Infographic: Resume Version 2.0

Leif Fescenmeyer Resume Infographic

 

It’s been a long time since I published on this blog; I figured I would go back and revisit one of the more popular posts since the blog’s inception. I’m going back 10 years ago to the resume infographic post. Back then, I was aspiring to become part of the agency landscape once again after taking on my own clients for a while. Since then, I have been on a long and very productive agency career which has yielded some of the best experiences of my professional life; everything from creating a global social media infrastructure for a consumer electronics brand, to developing best in class eCommerce strategies for the world’s largest CPG brand, to collaborating on the strategy to launch the first mass-production electric vehicle in North America.

I’m happy to present to you my updated resume infographic. For those of you who don’t know how the first version was structured, here’s an overview:

Section One:
At the top, you will see the title of the graphic, my name, title and contact information.
Section Two:
Probably the most visually appealing graphic of the document, the work wheel. This graphic represents the work timeline from 1999 to now 2019. And wrapped around the wheel is the visual chronicle of my work history separated by colors. Lines coming from segments of the wheel define where I worked and when.
Section Three:
At the bottom of the infographic is more of a linear timeline of my career path. Color of the timeline corresponds to the place of employment just like in the work wheel above. This timeline is simple, linear and gives you a different representation of work history.

For those of you who would like to learn more about my career history and strategic trajectory, I invite you to connect with me on LinkedIn. As far as the next infographic to come out; well I have no idea what it’s going to be just yet. I’m working on finding a subject matter. And of course, if you have a suggestions, don’t hesitate to let me know.

The #KingJames #HardWorkTogether Nike Spot Needs a Better Insight

Nike Basketball, in partnership with Wieden+Kennedy, released a LeBron James comeback spot titled, “Together”. It is an “emotional” spot depicting King James’ return to the city of Cleveland. It has been getting a lot of PR and positive reviews lately, especially in the creative industry. Where it is an emotion-provoking spot, beautifully crafted, I began to wonder if the insight was correct.

Let’s take a step back in time. Back in 2010, LeBron “announced” to the world that he was leaving Cleveland to join the Heat in Miami. LeBron’s ego-driven press conference was not well received, to stay the least, in Cleveland. You even had the owner of the Cavs, Dan Gilbert, say that LeBron’s actions were a “cowardly betrayal” and went on to say, “the good news is that the ownership team and the rest of the hard-working, loyal, and driven staff over here at your hometown Cavaliers have not betrayed you nor NEVER will betray you.” These are pretty heated words born out of a lot of negativity, disappointment, disgrace and betrayal. We all began to wonder if Cleveland would ever want a part of LeBron again.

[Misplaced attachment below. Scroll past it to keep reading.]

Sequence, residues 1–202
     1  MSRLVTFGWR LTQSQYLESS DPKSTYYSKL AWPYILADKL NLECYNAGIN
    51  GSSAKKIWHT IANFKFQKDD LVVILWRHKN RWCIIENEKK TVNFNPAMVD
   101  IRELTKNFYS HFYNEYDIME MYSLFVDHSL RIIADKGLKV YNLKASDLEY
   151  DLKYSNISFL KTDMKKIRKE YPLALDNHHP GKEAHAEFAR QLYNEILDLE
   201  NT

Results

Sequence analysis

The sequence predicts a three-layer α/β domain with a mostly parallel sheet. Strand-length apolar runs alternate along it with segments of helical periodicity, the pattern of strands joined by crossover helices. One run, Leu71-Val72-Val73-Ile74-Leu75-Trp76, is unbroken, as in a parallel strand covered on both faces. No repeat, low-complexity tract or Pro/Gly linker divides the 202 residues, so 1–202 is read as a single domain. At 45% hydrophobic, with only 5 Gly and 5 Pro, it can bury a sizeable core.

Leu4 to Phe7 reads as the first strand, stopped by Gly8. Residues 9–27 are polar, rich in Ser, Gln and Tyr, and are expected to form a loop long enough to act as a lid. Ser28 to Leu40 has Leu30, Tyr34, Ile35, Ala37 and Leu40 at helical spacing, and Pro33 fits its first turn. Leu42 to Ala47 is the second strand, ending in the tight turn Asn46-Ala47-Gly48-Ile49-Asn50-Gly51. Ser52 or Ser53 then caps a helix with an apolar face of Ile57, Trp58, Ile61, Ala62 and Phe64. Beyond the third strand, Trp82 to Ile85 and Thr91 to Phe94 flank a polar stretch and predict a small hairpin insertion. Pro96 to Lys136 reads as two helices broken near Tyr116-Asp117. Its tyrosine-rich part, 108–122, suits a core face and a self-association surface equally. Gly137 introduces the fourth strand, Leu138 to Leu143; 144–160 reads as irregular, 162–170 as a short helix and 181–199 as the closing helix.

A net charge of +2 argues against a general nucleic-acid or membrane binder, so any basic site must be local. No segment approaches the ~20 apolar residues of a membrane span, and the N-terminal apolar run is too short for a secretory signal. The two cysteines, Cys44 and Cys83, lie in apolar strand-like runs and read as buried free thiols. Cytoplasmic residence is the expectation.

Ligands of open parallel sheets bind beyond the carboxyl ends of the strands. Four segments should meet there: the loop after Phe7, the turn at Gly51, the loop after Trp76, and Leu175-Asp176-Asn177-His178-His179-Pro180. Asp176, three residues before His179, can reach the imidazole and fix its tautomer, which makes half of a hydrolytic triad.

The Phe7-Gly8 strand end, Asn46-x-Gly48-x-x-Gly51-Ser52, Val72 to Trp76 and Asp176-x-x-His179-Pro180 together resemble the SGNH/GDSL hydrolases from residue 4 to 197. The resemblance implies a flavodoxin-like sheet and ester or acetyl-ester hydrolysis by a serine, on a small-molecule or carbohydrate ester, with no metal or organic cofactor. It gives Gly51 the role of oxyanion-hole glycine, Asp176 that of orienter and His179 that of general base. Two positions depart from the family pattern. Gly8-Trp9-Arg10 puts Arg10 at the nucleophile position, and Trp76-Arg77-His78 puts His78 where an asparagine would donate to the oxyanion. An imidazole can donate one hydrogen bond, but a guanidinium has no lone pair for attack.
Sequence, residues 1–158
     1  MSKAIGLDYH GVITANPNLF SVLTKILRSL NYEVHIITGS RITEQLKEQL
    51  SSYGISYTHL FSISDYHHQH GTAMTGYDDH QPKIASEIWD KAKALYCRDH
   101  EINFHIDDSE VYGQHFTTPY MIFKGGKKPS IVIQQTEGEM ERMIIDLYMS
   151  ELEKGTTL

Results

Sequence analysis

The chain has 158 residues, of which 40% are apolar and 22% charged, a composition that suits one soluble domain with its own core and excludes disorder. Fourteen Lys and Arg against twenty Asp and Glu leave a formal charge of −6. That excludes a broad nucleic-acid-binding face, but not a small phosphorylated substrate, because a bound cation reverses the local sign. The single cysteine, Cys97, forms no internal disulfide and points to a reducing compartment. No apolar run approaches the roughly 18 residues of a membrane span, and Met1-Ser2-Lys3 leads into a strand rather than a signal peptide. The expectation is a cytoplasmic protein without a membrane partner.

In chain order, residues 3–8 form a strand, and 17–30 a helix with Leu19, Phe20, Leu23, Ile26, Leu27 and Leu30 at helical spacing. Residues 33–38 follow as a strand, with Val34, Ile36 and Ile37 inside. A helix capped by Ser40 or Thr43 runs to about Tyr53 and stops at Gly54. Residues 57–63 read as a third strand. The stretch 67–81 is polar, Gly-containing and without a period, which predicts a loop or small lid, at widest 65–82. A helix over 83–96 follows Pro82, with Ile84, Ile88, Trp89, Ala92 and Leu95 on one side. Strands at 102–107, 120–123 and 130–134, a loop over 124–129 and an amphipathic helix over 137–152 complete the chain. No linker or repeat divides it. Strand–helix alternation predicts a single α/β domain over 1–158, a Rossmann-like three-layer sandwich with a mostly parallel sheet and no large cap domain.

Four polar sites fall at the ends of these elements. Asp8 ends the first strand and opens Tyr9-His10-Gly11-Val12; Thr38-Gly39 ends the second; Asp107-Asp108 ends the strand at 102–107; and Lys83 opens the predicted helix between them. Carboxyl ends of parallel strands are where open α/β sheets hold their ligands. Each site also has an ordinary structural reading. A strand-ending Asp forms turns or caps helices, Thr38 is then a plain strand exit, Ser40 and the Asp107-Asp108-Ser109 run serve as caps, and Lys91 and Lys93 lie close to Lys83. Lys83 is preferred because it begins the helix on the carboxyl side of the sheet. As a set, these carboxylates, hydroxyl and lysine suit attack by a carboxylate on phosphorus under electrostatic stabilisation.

Now, without going too far into LeBron’s resigning with the Cavs, I think it’s more important to note the negative sensitivity that existed in Cleveland only four years ago. Now, in 2014, all of a sudden it is the “return.” LeBron is welcomed back with open arms by the city he put behind him in the most publicly and somewhat humiliating way? That being said, let’s look at the spot.

Hard work, together. It’s an inspiring and hopeful phrase. The film depicts the entire city coming together and building themselves to a hopeful epoch. It’s the Hope campaign all over again. As I watched this and I remember the past, and as a strategist who prides himself on human truths, I wonder if “Hope” and “Togetherness” was the right idea for the insight. Or, more specifically, I wonder if the insight was correct.

LeBron Together Spot - Nike - Arena

To me, this whole “return” is more dramatic than simply positivity and hope. It’s more than holding our hands and singing kumbaya. It’s more than just the gritty black and white film, it’s more than just giving back to a city that was once destroyed by an ego. And it’s way more than just showing people coming together. To me, the insight is more about the prodigal son returning.

The age old story about a son who disavowed everything and everyone who helped raise him. It’s a story about not being mature and only realizing that once he is out in the world. It’s more about coming home and being humble. It’s about being more than just a star, it’s about giving back, making amends and more so, it’s not about playing a game of basketball to ask for forgiveness.

Together also reminds me of another spot, “Made in New York featuring Derek Jeter. This was a film right on message. It conveyed the true feeling New Yorkers and all those who love baseball had about Jeter. It summarized his character and how the city, how the world truly felt about the man, then the sport. It wasn’t about ego, it was about thanking people.

Just as much as the Gatorade ad, the Together spot is beautifully crafted, it does have the “goose bump inducing” feeling. The ad has a grit to it, it has a feeling of truth and it has an emotive undertone. But the message of Hard Work, Together is about a city rising from the ashes, not about an NBA star telling them how to do so.